What’s a team?

Let’s review what is a team in Agile or Scrum.

A small group — seven plus or minus two — motivated by the vision of one person that will realize good Business Value; dedicated (usually 100%… certainly a lot), with almost all the skills needed to realize the vision; that works together daily.

A team is not:

  • Lots more people than that (that’s a collection of people).
  • Motivated by multiple visions (if there is some similarity in the work, that might be a department).
  • Following multiple people (that would be confusion).
  • Some folks who work together, part-time, from time to time.

We give a team a mission, and we expect them to figure out how to deliver it.

For an interesting discussion, how small teams work in warfare, see Maneuver warfare.

Why are teams important?

This may seem obvious to many of you, however, based on what I see, it seems necessary to review.

  1. No simple problems. We now need a team to figure out almost any problem, because the problems are all complicated. We need knowledge from multiple people.
  2. Creating knowledge. The team is the unit that creates the real knowledge (yes, people as individuals can contribute, too). The team converts tacit knowledge to explicit knowledge. They brainstorm. They convert ideas to something more real, and examine whether they are achieving the vision.
  3. Has “it.” I can’t describe everything that makes a winning team. One day knowledge. One day skill. One day motivation. Every day something different. They get it done.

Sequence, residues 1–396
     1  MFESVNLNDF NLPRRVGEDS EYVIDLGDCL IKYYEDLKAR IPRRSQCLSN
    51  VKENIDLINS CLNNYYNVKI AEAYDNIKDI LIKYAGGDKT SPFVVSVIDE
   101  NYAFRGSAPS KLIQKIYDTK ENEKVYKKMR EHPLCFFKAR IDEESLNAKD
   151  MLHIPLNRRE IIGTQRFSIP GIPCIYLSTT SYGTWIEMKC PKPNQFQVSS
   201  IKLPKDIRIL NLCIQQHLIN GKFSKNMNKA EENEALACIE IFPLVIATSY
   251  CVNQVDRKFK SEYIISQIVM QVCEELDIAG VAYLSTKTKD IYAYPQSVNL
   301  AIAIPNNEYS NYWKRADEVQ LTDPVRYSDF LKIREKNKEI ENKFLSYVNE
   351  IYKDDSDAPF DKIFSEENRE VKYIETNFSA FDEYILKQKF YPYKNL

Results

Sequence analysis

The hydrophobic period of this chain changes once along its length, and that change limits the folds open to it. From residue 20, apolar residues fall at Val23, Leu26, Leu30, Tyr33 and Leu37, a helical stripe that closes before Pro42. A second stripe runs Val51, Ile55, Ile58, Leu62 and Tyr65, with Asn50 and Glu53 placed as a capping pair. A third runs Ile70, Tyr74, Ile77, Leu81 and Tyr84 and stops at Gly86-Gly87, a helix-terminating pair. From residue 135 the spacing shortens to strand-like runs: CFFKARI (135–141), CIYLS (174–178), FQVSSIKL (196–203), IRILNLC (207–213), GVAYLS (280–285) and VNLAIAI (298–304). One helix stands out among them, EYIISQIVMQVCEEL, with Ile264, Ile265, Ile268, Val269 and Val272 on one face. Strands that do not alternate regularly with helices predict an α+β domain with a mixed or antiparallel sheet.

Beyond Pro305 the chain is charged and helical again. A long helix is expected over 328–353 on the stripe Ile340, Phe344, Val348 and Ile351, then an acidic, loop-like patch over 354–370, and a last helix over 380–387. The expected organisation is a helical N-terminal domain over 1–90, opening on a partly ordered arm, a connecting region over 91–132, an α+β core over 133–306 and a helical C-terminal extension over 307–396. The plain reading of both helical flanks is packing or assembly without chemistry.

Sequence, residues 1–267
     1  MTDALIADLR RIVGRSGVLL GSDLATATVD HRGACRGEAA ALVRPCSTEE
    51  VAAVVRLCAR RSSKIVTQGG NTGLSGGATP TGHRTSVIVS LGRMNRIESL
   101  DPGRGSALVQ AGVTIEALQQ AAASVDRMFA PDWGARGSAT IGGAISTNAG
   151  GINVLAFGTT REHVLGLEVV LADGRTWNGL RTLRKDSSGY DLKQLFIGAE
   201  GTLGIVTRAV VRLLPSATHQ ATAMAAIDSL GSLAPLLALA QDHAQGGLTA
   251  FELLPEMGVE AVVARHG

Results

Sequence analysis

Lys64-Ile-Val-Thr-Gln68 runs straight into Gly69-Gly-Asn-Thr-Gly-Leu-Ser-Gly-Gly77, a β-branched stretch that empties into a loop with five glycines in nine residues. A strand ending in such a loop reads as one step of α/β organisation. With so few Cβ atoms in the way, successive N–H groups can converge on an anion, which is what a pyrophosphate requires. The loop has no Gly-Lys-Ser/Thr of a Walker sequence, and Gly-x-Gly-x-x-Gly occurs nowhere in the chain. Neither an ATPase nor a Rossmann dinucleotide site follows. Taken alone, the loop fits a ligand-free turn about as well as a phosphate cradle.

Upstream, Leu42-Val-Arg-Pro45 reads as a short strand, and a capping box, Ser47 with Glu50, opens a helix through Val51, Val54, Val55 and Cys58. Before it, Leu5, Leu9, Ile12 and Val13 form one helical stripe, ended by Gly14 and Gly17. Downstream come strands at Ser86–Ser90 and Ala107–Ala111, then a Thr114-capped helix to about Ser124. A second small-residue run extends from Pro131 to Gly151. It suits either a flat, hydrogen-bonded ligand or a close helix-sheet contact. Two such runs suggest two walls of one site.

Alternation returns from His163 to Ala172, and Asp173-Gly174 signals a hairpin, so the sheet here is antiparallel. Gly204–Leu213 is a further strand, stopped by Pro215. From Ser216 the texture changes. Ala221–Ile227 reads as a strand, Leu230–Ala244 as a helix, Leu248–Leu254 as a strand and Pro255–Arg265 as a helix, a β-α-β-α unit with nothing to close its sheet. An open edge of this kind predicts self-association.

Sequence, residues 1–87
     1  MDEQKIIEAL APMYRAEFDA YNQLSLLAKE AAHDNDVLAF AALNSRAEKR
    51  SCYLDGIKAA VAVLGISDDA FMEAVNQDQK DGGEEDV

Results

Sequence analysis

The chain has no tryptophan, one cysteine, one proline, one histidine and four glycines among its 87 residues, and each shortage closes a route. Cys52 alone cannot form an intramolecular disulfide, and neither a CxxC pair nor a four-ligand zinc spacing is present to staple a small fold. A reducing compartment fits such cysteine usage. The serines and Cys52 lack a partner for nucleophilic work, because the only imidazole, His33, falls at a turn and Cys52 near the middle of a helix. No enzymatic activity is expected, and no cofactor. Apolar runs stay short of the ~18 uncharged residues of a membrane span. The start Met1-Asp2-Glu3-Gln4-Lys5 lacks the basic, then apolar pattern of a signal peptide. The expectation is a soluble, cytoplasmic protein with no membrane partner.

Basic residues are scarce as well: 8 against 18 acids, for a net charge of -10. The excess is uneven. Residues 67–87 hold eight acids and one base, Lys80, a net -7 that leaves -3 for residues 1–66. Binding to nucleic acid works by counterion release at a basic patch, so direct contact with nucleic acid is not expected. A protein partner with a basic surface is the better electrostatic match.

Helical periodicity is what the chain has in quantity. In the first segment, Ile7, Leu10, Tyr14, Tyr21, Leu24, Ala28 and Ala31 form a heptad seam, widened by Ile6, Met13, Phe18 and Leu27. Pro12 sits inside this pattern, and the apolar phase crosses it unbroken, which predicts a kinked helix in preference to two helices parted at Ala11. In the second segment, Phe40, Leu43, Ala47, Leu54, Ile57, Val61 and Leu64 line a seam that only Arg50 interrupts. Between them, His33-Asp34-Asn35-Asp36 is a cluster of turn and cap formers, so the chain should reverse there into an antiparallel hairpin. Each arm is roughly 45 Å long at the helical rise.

4. Motivation. Creating something brand new is hard work. The team members need to motivate each other, reassure each other, support each other, to get past all the problems and issues. The team has to find its heart. Once it has it (the heart), you can let the team run.
  5. Clarity. If you have a real team, examine what it produces each Sprint. There is clarity in that. Problems are much more obvious. There is much less confusion. The best actions to make further progress are clearer. Tracking team productivity or progress every Sprint is far more useful than tracking individual productivity or progress.
  6. Scrum is built upon a team concept. (Fundamental to making Scrum work.) To get the real value from Scrum, you should start with a real, stable, dedicated team. (I think this would apply to all or almost all of Agile.)


Has your team extended its potential today?  (You see my bias, that a team always has far more potential than it has realized.)



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